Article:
Brexit talks between officials in London and Brussels are continuing, with no real signs of substantial progress.
The formula being followed seems to reflect the traditional EU approach of nothing being agreed until everything is agreed, and there is a growing belief that if agreement is to be reached it is unlikely to be before October, leaving little time to implement the massive changes a no deal outcome would demand. London is continuing preparations for either outcome, with massive expenditure plans for customs facilities at ports.
Meanwhile, the government is proposing that UK rules on food and agriculture should be harmonised. This has been criticised on grounds that it undermines the benefits and freedom of devolution. The government disputes this, claiming its aim is an EU-style single market, where products could be sold in any region if they meet the standards of where they are produced.
It has been a given for years that global demand for agricultural commodities will grow faster than supply – but now that assumption is being challenged by the Organisation for Economic Cooperation and Development (OECD).
In its 2020-2029 Agricultural Outlook Report, published with the United Nations Food and Agriculture Organisation (FAO), it says supply growth will outstrip demand growth. As a result it says prices for the major commodities will remain around or below where they are now, excluding inflation, but prices will be volatile.
While that may sound depressing there are positives for higher value livestock based products, where demand will grow in developing countries as incomes rise. Ironically one of the trends the report identifies is that in highly developed economies, environmental and social concerns around livestock farming will drive a demand shift from meat and dairy to other sources of protein.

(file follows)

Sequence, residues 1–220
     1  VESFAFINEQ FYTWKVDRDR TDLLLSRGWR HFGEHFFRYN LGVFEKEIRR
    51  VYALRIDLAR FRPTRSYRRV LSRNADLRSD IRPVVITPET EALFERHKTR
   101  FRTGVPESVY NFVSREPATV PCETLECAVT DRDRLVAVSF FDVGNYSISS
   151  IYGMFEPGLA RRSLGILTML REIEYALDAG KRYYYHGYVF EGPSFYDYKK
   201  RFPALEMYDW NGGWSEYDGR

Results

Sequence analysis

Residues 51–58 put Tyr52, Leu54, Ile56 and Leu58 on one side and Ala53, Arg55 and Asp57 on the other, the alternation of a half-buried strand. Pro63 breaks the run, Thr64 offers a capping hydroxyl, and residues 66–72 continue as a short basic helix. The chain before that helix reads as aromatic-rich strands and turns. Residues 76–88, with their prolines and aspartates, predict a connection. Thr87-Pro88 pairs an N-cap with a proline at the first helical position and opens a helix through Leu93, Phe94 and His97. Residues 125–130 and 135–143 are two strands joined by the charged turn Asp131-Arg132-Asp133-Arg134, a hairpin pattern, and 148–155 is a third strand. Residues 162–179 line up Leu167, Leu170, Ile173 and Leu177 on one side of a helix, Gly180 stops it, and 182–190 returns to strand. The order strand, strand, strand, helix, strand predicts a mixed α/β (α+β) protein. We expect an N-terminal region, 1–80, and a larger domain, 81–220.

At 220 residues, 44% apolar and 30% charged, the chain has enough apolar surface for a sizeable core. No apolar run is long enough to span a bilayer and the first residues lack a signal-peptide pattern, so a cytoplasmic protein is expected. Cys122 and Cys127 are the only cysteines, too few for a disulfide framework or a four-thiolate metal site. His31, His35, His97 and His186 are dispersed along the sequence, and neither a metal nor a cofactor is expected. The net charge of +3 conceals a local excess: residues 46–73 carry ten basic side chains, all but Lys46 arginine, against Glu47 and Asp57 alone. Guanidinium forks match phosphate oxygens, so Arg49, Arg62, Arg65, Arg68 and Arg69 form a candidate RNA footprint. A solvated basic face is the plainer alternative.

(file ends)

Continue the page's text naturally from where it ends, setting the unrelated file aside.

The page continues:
Elsewhere, the battle around the future for glyphosate is continuing and last week critics of the product were given a boost via the European court system.
A senior judge or advocate general (AG) ruled on an initial ruling by the court that the Brussels region of Belgium could not challenge the EU decision to renew the product licence. The court had ruled that such a challenge could only be brought by a member state.
The AG said this was too narrow an interpretation. The final decision is up to the court and statistically the majority of AG comments are noted but not heeded. However this adds pressure around the future for the product when the present licence ends in December 2022.
Meanwhile the lobby organisation representing biotechnology companies has warned that a review of decision-making structures for product approvals in the EU could see more products banned on political grounds. It highlights the danger of science being ignored by member states who are instructing their experts on scientific committees how to vote via the EU qualified majority system.